Grain legumes can deliver an extra 1t/ha yield to wheat crops

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Australia’s broadacre farming is dominated by wheat, traditionally in rotation with legume-based pastures grazed by sheep, but increasingly in continuously cropped systems.

The most widely grown broadleaf break crops have been lupins (in Western Australia) and canola (throughout southern Australia), although other grain legumes such as field peas, chickpeas, faba beans and lentils are also grown on soils to which they are adapted.

The benefits of break crops to following wheat crops have been studied and reviewed extensively since the 1990s. 

As part of the GRDC Crop Sequence Initiative, more than 900 experimental comparisons were reviewed to quantify the yield benefits delivered by break crops. 

The results showed that, on average, wheat yields increased by 0.5 tonnes per hectare following oats, 0.8t/ha following canola and 1.0t/ha following grain legumes (0.7 to 1.6t/ha) compared with wheat on wheat. 

Although the yield benefit was variable, yield was rarely reduced. The average yield benefit was also constant across the full range of wheat yield, whether 1.0t/ha or 6.0t/ha.

This ‘break-crop effect’ often extended to a second wheat crop in the sequence, especially following legumes (benefit of 0.2 to 0.3t/ha), but rarely to a third except under dry conditions. 

These benefits to subsequent cereal crops can influence the economic advantages underpinning the adoption of break crops, especially where break crops are considered more risky or less profitable than the main cereal crop. 

It is vital to consider the economics of break crops over a full two to three-year sequence and to account for the value of diversifying income to manage price variations. Profitable rotations need sound business decisions provides a basic profitability assessment of break crops.

These benefits can only be captured if break crops are well managed. A weedy, low-yielding legume or canola crop is not a break crop, as weeds will host cereal diseases and set seeds that emerge in subsequent cereal crops, and nitrogen (N) fixation by the legumes will be poor.

In WA the average benefit to wheat crops from lupin break crops doubled, from 0.5 to 1.0t/ha, from the 1980s to the 1990s as growers improved the management and increased the yields of the lupin crop. 

Until recently the focus of break crop use and research in Australia was largely for disease control and nitrogen supply. They were generally grown according to the N or disease status of the soil, both of which can now be measured pre-sowing to help with crop sequence decisions.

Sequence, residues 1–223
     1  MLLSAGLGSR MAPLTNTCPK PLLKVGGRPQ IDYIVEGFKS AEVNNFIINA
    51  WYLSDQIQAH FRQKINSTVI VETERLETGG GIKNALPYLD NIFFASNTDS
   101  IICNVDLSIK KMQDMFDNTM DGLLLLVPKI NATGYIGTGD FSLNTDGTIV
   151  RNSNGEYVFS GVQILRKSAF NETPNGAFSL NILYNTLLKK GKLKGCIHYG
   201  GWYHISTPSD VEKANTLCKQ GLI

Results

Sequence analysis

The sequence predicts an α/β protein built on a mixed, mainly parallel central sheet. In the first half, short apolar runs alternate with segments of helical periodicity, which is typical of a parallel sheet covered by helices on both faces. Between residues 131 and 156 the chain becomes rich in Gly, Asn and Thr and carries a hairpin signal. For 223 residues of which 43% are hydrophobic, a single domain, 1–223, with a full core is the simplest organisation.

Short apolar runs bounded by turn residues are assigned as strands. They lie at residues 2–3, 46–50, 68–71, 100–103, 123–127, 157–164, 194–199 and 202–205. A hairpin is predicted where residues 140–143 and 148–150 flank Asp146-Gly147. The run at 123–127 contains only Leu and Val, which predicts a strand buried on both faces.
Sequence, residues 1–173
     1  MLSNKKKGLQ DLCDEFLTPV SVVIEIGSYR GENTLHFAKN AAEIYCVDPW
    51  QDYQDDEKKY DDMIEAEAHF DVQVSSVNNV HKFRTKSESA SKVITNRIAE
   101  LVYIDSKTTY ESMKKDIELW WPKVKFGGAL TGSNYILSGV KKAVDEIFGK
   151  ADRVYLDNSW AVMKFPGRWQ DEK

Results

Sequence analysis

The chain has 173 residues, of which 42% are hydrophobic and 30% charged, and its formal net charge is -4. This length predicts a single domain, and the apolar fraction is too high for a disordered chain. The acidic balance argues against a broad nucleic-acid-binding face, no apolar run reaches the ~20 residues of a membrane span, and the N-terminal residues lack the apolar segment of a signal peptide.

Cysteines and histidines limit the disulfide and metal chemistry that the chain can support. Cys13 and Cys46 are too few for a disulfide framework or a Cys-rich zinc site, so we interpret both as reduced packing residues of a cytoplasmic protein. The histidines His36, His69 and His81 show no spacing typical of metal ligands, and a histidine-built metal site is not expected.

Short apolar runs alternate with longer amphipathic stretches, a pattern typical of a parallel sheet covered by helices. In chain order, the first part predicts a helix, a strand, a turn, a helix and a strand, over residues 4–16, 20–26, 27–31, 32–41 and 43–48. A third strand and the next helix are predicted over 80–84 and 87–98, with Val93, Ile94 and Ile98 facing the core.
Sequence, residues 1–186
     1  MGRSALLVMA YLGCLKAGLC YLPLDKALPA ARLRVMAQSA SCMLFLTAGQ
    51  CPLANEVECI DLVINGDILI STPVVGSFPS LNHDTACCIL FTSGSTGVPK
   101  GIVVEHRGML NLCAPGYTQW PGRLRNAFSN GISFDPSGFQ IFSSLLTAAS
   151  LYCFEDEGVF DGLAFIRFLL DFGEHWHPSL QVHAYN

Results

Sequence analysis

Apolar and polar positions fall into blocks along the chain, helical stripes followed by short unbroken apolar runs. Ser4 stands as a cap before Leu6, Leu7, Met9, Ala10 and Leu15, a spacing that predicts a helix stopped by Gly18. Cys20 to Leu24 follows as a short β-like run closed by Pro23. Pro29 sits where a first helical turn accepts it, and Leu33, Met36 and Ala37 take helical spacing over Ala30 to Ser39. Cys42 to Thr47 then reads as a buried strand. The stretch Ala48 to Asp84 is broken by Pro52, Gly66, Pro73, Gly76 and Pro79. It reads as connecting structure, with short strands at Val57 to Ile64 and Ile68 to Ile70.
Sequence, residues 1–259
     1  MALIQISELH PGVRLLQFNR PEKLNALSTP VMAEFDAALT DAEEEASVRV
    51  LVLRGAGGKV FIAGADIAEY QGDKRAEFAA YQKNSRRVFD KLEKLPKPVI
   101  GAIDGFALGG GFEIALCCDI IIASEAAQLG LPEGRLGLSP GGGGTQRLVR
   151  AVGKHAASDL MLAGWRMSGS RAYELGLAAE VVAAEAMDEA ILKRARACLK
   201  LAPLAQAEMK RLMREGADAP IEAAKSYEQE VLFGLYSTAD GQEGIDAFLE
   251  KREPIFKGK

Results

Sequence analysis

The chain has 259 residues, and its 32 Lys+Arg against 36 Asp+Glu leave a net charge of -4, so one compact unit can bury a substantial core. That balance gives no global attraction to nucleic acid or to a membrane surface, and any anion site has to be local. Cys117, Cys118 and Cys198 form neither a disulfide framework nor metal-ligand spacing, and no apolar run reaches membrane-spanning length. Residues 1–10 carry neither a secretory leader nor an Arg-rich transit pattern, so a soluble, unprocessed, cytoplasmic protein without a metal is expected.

The costs of maintaining an intensive cereal system in terms of N fertiliser and fungicides could be compared with the various break-crop options. However, the emergence of herbicide-resistant weeds (especially annual ryegrass) as a result of intensive cereal production with selective herbicides has become a game-changer, and now dictates crop sequence decisions for many growers. 

A focus on the utilisation of break crops as part of the integrated management of herbicide-resistant weeds has became a new focus for research.

Photo of man knelt in field pea crop

Victorian Mallee grower Rob Heinrich relies on field peas as a disease and weed break in his family farming enterprise

PHOTO: Brad Collis

Legumes shine bright at Rainbow

By Rebecca Jennings

With no livestock in his system, break crops play an important weed-management role for Victorian Mallee grower Rob Heinrich. Rob, a third-generation grower who farms with wife Helen and son Anthony, 24, at Rainbow, north of Horsham, has grown legumes for more than 20 years.

He typically crops 400 hectares of field peas, 100ha lentils, 360ha wheat, 500ha barley and 120ha triticale. It is a mix that balances soil type (for example, triticale performs better in lighter soil than wheat) and works well in a cereal/cereal/legume rotation.

The Heinrichs grow Parafield peas and red lentils (PBA FlashA and Nugget), and have sold to Melbourne-based food manufacturer Ward McKenzie for the past 20 years.

While the area has a historical average annual rainfall of 350 millimetres, Rob revises this back to 200 to 250mm based on the past few years. A dry finish to 2014, with no in-crop rain after August, saw reduced yields. While field peas can yield up to 2.5 tonnes/ha on the Heinrichs’ farm, in 2014 they averaged 1.4t/ha.

Rob recalls how, in his early days of growing pulses, they were not a profitable crop. Although today, solid prices (lentils as high as $900/t and peas more than $400/t during the 2014 harvest) ensure break crops are a profitable choice.

While the economics make sense to Rob, he says the longer-term benefits of break crops are certainly in the paddock.

“I find a one-year break crop provides sufficient weed control. It really makes a difference to ryegrass and brome grass, which are our main challenges,” Rob says. “Without a grazing option, our business relies on the pulses as a break for cereals – they really lift the paddocks by fixing nitrogen and also help control disease.”

When asked about challenges associated with growing pulses, Rob is clearly happy with this link in his crop cycle. He credits direct drilling with overcoming previous issues with establishing the crop.

Frost is the major issue, with 30 per cent damage to the field peas last year.

More information:

Rob Heinrich,

More information:

Dr John Kirkegaard, CSIRO,


Profitable rotations need sound business decisions


Are break crops paying their way?